Southern star-eye octopus photographed on South Coast

Diver starry eyed over 'extremely rare' find on South Coast

A diver has discovered a special starry-eyed surprise in the waters of Narooma overnight.

Earlier this month, marine biology student and octopus fanatic, Lawrence Scheele, befriended a species he had never seen before - a southern star-eye octopus.

Well known for their intelligence and many arms, Mr Scheele often comes across different species of the boneless creatures in the waters of our backyard.

After years of diving around Australia, he was amazed to see one so rare.

"They are extremely rare, there are very few in Australia," he said.

"Scientists know very little about it as it's under research."

The southern star-eye octopus was known to reach 15cm in size and inhabits sub-tropical shallow waters.

"It's very similar to a species in Japan - the northern star-eyed octopus," he said.

"Some of the diagnostic features of this octopus, was the pattern on its arms - a net-like pattern.

"They can alter the texture on their skin, activating skin cells; when they do that, they create the star shape above their eye."

Mr Scheele spotted the octopus when snorkeling with his girlfriend Kaspa in the dark waters of the Wagonga Inlet at 1am.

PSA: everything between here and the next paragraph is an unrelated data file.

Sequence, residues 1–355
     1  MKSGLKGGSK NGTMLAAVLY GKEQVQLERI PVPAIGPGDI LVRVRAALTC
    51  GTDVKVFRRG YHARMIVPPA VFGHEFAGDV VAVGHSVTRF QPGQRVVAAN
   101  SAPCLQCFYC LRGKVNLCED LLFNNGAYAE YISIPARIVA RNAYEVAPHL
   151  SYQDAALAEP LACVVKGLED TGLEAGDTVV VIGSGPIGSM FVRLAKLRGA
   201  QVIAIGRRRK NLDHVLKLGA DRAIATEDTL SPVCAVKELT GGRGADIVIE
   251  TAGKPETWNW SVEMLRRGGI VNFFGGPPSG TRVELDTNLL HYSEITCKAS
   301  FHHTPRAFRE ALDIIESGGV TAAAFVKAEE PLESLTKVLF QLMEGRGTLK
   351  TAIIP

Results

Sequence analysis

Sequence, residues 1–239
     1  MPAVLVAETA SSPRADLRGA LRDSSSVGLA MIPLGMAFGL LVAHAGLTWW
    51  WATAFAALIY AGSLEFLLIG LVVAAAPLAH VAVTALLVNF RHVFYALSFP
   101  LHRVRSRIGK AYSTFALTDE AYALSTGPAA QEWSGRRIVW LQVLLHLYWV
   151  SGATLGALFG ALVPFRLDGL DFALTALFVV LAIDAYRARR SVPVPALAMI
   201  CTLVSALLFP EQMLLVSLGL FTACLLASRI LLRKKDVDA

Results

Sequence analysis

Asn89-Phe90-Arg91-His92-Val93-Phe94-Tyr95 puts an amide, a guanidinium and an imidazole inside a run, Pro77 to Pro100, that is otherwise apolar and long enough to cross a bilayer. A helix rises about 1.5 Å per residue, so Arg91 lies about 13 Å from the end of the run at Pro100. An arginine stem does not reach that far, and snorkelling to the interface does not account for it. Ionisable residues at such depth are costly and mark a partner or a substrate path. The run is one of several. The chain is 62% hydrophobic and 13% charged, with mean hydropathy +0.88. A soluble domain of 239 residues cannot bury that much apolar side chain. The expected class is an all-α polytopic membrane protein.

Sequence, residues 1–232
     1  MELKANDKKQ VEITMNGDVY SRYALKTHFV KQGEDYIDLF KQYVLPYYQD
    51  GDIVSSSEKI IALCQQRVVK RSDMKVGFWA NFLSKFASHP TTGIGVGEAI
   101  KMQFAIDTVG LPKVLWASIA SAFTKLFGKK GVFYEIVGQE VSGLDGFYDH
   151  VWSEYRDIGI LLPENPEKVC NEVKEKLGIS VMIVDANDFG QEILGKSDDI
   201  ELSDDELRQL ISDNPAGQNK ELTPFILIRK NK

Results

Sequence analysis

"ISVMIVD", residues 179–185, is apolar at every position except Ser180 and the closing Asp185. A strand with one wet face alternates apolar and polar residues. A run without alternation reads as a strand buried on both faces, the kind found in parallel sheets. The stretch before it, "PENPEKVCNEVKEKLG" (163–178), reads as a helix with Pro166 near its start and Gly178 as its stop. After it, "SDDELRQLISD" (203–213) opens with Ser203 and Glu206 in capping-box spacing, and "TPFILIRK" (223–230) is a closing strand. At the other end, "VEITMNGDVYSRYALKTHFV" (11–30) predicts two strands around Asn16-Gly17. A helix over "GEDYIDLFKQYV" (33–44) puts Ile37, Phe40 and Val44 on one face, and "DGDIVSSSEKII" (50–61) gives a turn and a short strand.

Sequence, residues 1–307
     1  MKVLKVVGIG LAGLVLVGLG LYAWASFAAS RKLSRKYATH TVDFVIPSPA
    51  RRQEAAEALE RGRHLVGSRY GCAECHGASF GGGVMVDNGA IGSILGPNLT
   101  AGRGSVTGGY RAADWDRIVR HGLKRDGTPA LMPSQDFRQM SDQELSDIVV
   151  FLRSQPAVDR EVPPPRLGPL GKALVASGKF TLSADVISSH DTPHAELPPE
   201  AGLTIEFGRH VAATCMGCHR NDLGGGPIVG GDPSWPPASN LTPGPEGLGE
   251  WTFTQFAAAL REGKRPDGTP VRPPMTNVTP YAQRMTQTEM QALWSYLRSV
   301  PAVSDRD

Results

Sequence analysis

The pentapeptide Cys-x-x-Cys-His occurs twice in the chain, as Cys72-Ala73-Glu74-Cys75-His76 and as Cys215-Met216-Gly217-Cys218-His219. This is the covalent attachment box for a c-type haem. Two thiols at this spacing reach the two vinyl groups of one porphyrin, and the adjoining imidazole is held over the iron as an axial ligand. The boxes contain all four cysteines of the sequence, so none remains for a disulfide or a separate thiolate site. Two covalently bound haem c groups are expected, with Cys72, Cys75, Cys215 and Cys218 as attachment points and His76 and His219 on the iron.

"When I first saw it, I knew it wasn't the normal octopus," Mr Scheele said.

The most common are gloomy octopus, which are an orange rust colour.

The southern star-eye octopus had made its home inside a brick.

"It's den was a discarded brick with shells around it," Mr Scheele said.

He discovered the octopus was female and spent four consecutive nights watching her movements.

"Each night she was more comfortable with us being there," he said.

"The last night she came out of her den and was walking around.

"She was comfortable enough to leave her den and go out for a hunt while we observed her - it was really special."

The 24-year-old's passion for marine life sparked as a child. He would visit from Sydney for the summer holidays with his family.

"Narooma is the place that made me fall in love with the ocean and marine life, especially octopus there at the boardwalk," he said.

"For as long as I can remember I have been fascinated by octopus - their uniqueness and all the abilities they have, whether that's colour changing or squeezing into tight places."

His dream career is to study octopus and pursue professional underwater photography.

Mr Scheele wants to create films, similar to the Netflix documentary, My Octopus Teacher, which he said changes peoples perception of life underwater.

He encouraged everyone to get themselves a snorkel and mask and explore.

"Narooma has such biodiversity," he said.

"Check out your local beach and get familiar with the inhabitants at your doorstep - it's so amazing and very unique compared to the rest of the world.

"Always dive with a buddy, it's the number one safety rule."

Soldier crabs at Narooma

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